Seven tricks to speed up Google Chrome

Google

Many would say Chrome is the best browser out there. It’s certainly the most popular, used by more than half of the online world. But it’s a beast that can slow your computer to a crawl if left unchecked.

Multiple tabs, dodgy extensions and over-active plugins can leave you feeling like you’re using Windows 3.1 on a pre-Pentium 486, without the turbo switched on.

So here are few quick tips to help bring Chrome back under control, reduce its impact on your computer and speed up your browsing.

1) Get rid of any plug-ins you don’t use

Chrome plug-in settings.
Chrome plug-in settings. Photograph: Samuel Gibbs for the Guardian

One of the easiest ways to speed up browsing is to cut back on your plug-ins. Type the following into the Chrome address bar and hit enter:

chrome://plugins

Click disable on any plug-ins you want to turn off.

If a page requires a particular disabled plug-in it will have a notice saying so instead of the video or audio element.

2) Make your remaining plug-ins ‘click to load’

Content settings for Chrome.
Content settings for Chrome. Photograph: Samuel Gibbs for the Guardian

For the plug-ins you want to keep, you can still do more to reduce their impact on Chrome. You can stop media that requires plug-ins, like Flash, from loading without your explicit say so.

There are a variety of extensions to do it, but Chrome’s built in settings for plug-in control are easy to activate.

In the Settings menu under “Show advanced settings” and Privacy, click on Content settings and scroll down to Plug-ins. Check the button for “Let me chose when to run plug-in content”.

When something like a Flash video attempts to load, all you have to do is right-click on the disabled plugin image and select “Run this plug-in” if you want to see it.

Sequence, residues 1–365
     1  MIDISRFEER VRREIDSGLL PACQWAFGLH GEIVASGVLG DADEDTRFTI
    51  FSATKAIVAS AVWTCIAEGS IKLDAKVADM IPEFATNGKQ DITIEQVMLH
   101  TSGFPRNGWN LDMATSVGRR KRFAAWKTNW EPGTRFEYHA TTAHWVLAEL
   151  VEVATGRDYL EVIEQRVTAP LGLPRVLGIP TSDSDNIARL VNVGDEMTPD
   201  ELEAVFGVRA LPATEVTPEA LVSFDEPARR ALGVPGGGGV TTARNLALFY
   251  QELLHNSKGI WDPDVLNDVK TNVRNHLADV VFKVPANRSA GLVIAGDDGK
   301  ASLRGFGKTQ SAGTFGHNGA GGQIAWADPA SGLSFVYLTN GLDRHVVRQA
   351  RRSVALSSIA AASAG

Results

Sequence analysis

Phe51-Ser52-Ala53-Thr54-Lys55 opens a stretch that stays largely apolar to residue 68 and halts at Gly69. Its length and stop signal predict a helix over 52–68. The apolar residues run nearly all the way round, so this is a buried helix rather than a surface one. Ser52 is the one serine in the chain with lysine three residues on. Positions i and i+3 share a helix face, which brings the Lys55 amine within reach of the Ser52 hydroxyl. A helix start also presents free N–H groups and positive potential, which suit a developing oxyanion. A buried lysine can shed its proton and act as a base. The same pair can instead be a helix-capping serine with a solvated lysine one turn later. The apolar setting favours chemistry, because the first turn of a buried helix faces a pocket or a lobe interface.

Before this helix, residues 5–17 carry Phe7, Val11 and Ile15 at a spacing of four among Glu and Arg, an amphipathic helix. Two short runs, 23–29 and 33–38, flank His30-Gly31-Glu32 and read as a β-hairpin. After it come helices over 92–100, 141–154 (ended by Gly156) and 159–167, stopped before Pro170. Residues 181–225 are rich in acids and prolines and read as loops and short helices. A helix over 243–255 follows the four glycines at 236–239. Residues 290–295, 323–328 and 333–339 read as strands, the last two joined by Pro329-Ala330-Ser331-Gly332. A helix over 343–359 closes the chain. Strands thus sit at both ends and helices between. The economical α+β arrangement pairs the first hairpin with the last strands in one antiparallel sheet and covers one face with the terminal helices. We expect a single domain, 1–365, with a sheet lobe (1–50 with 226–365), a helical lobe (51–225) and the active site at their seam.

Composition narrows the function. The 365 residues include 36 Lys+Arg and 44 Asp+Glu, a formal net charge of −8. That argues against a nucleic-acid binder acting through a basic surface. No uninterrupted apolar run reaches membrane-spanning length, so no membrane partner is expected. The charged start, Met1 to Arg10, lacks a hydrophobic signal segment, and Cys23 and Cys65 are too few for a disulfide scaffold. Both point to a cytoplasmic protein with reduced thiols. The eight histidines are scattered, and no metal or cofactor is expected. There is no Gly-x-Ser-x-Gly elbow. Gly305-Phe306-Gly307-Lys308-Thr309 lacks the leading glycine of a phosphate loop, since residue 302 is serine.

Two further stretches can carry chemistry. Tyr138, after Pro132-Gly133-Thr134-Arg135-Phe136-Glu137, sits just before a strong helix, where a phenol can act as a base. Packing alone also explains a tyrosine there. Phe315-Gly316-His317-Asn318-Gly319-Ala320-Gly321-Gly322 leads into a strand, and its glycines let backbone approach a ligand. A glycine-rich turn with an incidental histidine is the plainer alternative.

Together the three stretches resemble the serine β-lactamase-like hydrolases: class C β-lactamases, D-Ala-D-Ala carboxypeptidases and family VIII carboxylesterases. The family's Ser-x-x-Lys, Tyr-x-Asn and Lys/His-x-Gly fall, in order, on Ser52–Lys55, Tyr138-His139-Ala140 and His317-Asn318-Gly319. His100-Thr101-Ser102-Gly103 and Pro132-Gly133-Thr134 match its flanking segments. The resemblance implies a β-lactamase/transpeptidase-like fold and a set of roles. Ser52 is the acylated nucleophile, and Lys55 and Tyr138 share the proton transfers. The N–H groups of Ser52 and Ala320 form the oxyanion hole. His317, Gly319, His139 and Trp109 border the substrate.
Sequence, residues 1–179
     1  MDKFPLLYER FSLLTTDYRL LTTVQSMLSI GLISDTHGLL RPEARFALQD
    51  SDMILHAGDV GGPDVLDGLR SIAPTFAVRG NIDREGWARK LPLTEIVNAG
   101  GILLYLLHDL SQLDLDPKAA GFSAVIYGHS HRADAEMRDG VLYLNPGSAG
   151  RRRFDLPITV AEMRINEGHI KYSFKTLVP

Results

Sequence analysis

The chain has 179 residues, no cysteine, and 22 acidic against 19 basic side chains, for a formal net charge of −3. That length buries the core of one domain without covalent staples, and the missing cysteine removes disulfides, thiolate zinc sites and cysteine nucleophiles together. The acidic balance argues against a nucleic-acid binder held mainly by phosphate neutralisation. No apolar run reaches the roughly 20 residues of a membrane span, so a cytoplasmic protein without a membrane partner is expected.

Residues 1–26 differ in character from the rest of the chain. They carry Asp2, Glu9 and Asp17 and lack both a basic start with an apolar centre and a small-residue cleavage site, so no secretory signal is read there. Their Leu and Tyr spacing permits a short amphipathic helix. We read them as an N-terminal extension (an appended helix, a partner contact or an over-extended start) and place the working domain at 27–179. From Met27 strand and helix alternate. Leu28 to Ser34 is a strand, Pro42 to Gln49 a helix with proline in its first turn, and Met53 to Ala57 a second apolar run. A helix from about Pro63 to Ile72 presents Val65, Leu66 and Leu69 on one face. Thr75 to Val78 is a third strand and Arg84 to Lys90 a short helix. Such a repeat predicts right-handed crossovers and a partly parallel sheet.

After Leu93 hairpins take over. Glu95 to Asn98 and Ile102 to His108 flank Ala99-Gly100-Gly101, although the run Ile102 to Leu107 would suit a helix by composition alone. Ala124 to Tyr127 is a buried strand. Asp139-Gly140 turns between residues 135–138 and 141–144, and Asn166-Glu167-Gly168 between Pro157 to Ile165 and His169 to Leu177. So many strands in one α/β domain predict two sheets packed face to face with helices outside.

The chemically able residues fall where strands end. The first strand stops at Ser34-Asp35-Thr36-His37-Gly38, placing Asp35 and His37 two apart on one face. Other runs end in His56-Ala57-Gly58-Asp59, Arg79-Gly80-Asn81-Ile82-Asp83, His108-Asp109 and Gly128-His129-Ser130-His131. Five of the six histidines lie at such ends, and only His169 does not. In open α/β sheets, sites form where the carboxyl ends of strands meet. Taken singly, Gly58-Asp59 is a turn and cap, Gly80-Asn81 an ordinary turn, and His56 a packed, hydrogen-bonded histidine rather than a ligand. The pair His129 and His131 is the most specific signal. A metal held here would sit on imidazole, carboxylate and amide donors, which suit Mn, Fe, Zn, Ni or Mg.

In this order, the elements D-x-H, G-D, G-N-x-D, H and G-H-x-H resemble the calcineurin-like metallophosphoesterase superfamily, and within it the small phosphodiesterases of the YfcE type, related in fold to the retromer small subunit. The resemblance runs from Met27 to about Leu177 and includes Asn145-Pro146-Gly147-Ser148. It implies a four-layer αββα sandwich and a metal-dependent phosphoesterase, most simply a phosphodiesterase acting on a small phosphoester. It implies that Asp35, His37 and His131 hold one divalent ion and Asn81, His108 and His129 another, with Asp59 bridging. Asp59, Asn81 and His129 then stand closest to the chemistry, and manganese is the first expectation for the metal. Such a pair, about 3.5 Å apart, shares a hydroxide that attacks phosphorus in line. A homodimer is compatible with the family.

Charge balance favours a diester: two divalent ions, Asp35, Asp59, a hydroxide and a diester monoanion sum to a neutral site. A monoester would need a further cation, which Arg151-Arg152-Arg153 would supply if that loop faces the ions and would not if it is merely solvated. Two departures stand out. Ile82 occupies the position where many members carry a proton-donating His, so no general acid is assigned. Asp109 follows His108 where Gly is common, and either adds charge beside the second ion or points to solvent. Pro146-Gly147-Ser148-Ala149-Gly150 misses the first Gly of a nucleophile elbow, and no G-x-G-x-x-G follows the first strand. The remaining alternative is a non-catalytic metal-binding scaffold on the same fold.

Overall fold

3) Remove or disable unnecessary extensions

Extensions settings in Chrome
Extensions settings in Chrome Photograph: Samuel Gibbs for the Guardian

Extensions are one of the best bits about Chrome, but each one adds bloat to the browser and therefore can eat up more of your computer’s memory and slow it down.

Click the hamburger menu in the top right of Chrome, mouse over “More tools” and click on “Extensions”. Or you can type the following into the address bar and hit enter:

chrome://extensions

Either uncheck the “Enabled” box to simple disable to extension, or click on the trash bin to fully remove the extension.

Disabling it allows you to re-enable it at any time, which is useful for extensions that you use only every once in a while, such as a rolling full-page screenshot utility. Removed plugins can always be reinstalled from the Chrome Web Store, but it’s a few more clicks.

4) Suspend your tabs

The Great Suspender Chrome extension
The Great Suspender Chrome extension Photograph: The Great Suspender

Chrome can be quite manageable with only two or three tabs open, but when you have upwards of 10 open at any one time it can bring even the most powerful computer to its knees by sucking up all the available memory.